February 26, 2006
Directed by: Andy & Larry Wachowski
Written by: Andy & Larry Wachowski
Degree of Cyberpunk Visuals: Very High
Correlation to Cyberpunk Themes: Very High
Key Cast Members:
Overview: The Matrix is one of my all-time favorite movies, so I’m just not going to attempt to come off as unbiased about it. Additionally, I’m guessing that pretty much everyone who’s coming to this site has seen it – probably numerous times, so I’m guessing a plot description isn’t of much value here. In short, my conundrum with the review is this – what should I say about this movie that will in any way add value to the reader? Answer: Not much. Instead I have decided to keep the bulk of my comments for various essays on the Matrix Trilogy.
Matrix Influences: The Matrix influenced movies in general and society as a whole. With respect to movies, we see numerous influences, including:
- Special Effects: Bullet time and a myriad of other FX are now standard practice in movies and commercials
- Synonymous with “Cool”: Movies that have a “matrix-like” feel are advertised all the time. We know what this means – it means they aspire to be ultra-sleek, ultra-cool and the “in” thing.
- Fight Sequences: By hiring Hong Kong Martial Arts master Yuen Wo-Ping to coordinate the fights, the Matrix raised the bar on mainstream American movie fight sequences
- Matrix Source Code: The Matrix source code, taken in part from Ghost in the Shell, is everywhere now, and is instantly recognized, as is its meaning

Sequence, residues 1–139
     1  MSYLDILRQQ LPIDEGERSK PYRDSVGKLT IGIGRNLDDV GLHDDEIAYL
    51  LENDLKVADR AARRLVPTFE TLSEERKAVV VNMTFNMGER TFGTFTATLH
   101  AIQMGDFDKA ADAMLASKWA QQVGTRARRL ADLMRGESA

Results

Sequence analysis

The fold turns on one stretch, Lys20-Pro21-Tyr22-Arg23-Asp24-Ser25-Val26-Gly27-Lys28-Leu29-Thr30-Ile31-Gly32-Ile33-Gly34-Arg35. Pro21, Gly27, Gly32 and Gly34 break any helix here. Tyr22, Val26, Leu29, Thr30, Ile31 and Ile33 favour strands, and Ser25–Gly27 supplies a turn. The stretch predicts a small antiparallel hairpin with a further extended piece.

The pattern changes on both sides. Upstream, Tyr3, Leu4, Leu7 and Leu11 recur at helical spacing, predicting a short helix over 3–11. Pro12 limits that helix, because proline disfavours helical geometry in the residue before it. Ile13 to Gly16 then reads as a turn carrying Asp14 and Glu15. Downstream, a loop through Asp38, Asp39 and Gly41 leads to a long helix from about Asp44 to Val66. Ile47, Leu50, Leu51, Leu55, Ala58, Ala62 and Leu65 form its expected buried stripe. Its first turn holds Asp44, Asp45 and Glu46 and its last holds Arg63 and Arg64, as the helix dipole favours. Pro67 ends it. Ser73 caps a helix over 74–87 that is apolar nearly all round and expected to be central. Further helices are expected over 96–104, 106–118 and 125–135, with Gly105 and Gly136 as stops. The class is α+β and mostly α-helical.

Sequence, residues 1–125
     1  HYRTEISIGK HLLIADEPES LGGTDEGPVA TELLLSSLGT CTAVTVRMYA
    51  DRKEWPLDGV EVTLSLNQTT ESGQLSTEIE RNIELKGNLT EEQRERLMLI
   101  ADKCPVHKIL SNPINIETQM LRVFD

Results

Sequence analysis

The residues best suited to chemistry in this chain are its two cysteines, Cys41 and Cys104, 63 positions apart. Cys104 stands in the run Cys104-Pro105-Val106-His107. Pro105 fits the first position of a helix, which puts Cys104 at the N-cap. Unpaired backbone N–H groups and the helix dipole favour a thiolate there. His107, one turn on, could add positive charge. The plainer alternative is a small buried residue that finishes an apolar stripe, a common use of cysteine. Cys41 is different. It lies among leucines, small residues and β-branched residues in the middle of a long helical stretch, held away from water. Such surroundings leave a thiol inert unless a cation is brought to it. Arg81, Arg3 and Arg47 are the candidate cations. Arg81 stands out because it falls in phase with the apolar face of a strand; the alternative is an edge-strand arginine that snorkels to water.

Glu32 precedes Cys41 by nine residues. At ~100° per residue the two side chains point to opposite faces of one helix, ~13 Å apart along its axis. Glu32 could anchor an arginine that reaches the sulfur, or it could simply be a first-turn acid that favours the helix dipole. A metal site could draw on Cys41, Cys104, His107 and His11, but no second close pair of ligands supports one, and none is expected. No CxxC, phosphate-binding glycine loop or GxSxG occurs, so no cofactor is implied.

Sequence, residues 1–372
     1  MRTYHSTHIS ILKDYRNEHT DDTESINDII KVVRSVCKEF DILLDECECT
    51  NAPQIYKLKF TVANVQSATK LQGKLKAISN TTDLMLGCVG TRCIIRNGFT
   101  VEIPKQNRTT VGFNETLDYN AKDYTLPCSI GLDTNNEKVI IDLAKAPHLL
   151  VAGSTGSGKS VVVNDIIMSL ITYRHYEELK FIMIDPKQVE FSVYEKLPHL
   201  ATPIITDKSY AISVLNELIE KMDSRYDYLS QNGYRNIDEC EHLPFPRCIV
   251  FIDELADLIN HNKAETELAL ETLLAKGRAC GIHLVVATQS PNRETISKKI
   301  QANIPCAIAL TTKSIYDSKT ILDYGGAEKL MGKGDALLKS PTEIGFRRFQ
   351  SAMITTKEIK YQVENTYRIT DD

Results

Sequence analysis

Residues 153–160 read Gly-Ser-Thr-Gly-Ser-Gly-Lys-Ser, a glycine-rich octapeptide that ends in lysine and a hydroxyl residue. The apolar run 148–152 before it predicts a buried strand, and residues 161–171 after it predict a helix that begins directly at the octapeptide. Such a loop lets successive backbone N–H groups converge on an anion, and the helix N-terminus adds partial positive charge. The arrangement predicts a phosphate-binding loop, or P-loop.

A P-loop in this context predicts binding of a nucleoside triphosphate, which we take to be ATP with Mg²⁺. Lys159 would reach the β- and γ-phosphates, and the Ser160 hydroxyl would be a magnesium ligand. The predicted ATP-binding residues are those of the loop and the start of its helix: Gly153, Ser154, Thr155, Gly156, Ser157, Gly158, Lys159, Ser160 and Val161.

- Hot Chicks in Black Shiny Stuff Kicking Butt: Trinity’s influence has massively upped the anty on action chicks in movies. While Michelle Pfeiffer’s Catwoman in Batman Returns re-initiated this trend, Carrie Anne Moss’ Trinity has made this outfit almost mandatory for female action heroines.
- The use of philosophy in movies: The Matrix seems to have broken the barrier to discussing philosphy in movies. Lets hope this idea lives on.
- Fashion: From Sunglasses, to overcoats to cyberpunkwear, the Matrix has changed the way people dress.
- The Matrix Trilogy: A Man-Machine Interface Perspective: This essay explores the Matrix Trilogy specifically from a scifi perspective – the purpose of which is to show how Neo’s journey is really a sequel to Motoko’s transformation at the end of Ghost in the Shell. Developed throughout the trilogy, Neo becomes a fully merged entity comprised of a sentient program with a human.
The Bottom Line: The Matrix is already one of the most influential in science fiction, and is truly one of the cornerstone cyberpunk movies in existence. We get it all here: terrific action, awesome cyberpunk concepts, incredible cyberpunk visuals, cool philosophical discussions, an absolutely awesome soundtrack (although DoomAng3l disagrees with this – see his comment below) and innovative FX. On top of this, all the leads were terrific. Reeves makes a perfect Neo, and Moss, Fishburne and Weaving give career-defining performances. Look below for move screencaps on page 2, and additional essays on the Matrix.